- The Washington Times - Thursday, May 19, 2005

D.C. Mayor Anthony A. Williams yesterday assumed the blame for a communications device being turned off during an evacuation of federal buildings last week but said he is seeking a “corrected” protocol from the federal government for dealing with emergencies.

“In the corrected situation, you know there is something happening, you know what the response is, you know what people’s decisions are as they make those decisions to evacuate … as opposed to what we had last week,” the mayor said.

A pilot’s errant flight into restricted D.C. airspace May 11 prompted evacuation of the White House, the U.S. Capitol and other buildings. It also exposed a breakdown in protocol and communication between federal agencies and city officials, who were not told about the evacuation.

In a wide-ranging interview yesterday with editors and reporters at The Washington Times, Mr. Williams vowed to improve communication between D.C. agencies and the White House, the Capitol, the Office of Personnel and Management, and the Department of Homeland Security.

The mayor also discussed his concern that the D.C. Council is overstepping its legislative bounds and voiced hope for his medical-malpractice insurance reform bill.

However, Mr. Williams, a Democrat, declined to say whether he will seek a third term next year.

Mr. Williams said city officials still are trying to find out why a communications line between the Federal Aviation Administration and the Metropolitan Police Department was disconnected last week.

“I take full responsibility for the fact that our line wasn’t on,” he said. “There’s no excuse for that.”

City workers responsible for monitoring FAA communications would be disciplined, the mayor said.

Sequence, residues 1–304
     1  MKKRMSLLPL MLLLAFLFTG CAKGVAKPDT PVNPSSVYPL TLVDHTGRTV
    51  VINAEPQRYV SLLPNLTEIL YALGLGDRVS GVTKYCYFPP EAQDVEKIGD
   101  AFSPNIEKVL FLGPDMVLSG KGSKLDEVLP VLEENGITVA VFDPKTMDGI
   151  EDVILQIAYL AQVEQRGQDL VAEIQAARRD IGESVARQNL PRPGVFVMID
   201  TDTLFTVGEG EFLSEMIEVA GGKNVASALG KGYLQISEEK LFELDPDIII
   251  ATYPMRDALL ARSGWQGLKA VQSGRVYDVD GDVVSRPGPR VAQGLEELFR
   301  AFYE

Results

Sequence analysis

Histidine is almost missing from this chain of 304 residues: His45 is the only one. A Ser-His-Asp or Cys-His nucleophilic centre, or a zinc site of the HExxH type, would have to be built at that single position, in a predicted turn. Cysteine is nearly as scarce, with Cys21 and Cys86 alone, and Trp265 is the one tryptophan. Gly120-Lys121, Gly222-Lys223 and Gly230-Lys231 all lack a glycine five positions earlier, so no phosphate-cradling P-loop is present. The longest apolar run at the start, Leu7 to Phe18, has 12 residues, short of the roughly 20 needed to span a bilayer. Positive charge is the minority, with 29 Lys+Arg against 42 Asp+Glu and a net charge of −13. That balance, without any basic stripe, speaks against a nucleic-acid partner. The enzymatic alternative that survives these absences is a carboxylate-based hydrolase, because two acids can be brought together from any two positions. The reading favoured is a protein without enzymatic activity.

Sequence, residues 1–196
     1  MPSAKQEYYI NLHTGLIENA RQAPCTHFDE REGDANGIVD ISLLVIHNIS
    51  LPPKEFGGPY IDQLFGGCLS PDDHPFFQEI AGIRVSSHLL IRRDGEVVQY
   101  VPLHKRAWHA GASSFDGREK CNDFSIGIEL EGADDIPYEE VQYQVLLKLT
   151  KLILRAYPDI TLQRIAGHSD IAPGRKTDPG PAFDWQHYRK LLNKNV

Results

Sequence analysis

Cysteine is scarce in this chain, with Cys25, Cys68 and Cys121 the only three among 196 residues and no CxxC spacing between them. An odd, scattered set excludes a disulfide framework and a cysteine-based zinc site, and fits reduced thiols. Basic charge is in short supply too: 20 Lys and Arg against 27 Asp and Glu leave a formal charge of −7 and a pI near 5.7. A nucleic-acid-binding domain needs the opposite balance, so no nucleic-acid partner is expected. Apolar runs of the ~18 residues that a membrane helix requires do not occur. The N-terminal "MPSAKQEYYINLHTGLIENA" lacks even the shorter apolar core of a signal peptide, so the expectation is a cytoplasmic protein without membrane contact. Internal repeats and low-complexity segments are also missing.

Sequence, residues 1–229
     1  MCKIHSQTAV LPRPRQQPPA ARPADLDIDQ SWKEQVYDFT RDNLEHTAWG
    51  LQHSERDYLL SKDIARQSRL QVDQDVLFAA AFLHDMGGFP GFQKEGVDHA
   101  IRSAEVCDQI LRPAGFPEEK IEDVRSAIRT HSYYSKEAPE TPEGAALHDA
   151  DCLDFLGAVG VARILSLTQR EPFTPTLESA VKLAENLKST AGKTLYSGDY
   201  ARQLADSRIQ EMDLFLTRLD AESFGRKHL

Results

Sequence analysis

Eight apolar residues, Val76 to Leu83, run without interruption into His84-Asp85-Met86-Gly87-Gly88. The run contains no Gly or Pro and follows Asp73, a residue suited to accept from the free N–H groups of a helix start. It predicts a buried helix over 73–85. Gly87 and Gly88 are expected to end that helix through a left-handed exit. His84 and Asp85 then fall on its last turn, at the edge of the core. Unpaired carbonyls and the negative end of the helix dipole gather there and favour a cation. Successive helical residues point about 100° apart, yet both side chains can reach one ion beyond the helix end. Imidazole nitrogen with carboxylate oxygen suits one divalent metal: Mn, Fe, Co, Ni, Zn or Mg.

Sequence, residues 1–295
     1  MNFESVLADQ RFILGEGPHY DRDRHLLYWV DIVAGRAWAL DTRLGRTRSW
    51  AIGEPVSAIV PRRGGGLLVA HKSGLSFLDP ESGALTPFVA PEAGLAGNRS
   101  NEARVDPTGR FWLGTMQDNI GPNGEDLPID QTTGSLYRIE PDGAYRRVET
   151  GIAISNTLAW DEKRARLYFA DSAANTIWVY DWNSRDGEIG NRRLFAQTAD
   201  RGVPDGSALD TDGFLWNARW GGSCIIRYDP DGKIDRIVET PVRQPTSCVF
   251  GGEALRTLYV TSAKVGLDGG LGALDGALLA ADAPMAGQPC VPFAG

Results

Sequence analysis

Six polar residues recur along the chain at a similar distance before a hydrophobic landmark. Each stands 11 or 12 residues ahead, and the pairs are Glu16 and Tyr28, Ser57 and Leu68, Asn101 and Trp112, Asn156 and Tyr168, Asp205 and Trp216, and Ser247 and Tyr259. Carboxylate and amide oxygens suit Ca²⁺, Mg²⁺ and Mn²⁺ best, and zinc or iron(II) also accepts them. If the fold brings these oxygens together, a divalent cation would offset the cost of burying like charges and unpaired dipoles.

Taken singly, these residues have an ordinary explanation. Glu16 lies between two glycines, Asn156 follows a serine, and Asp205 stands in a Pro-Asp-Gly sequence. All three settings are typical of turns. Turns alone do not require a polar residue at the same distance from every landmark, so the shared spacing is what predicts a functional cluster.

“Yes, we want to hold someone or persons accountable,” he said, noting that the so-called FAA “squawk box” would have let police know there was a problem with a plane but would not have provided information about the evacuation.

City and federal officials will place D.C. employees in high levels of the command centers operated by the Transportation Security Administration and the Department of Homeland Security to monitor potential security threats, he said.

A city police officer with a low security clearance already is stationed at the Department of Homeland Security’s command center.

“We’ll have a person at the Transportation Security Operations Center,” Mr. Williams said. “We’ll have a person connected at the Homeland Security Operations Center. … We’ll have our phone on, so we’ll know from that position. So we’ll have a full situation awareness of what is happening.”

Department of Homeland Security spokesman Brian Roehrkasse yesterday would not provide any specifics about when a protocol would be made available to the city.

“We are working on strengthening the plan that we have,” he said in a separate interview.

Meanwhile, Mr. Williams accused the D.C. Council of encroaching on his executive powers by proposing to withhold salaries of certain city workers and calling for some employees to be fired.

Such action “violates the charter” on which the city government was founded, he said.

The mayor took issue with a proposal this week from council member David A. Catania, at-large independent, that would withhold the salaries of senior deputies in the city health department if vendors are not paid on time.

A key concern is the city’s escalating medical-malpractice insurance premiums, which are prompting D.C. doctors to move their practices to Maryland or Virginia and save up to $60,000 a year in insurance costs, Mr. Williams said.

“We need to make some movement on leveling the playing field where it comes to malpractice,” he said.

Mr. Williams said he has studied how other jurisdictions — such as New York and Maryland — have reformed their malpractice insurance system and knows his reform plan faces “an uphill struggle with the council.”

His plan — which died in the council last year — would not cap economic damages but would limit most pain-and-suffering payouts to $250,000 against physicians and to $500,000 against hospitals.

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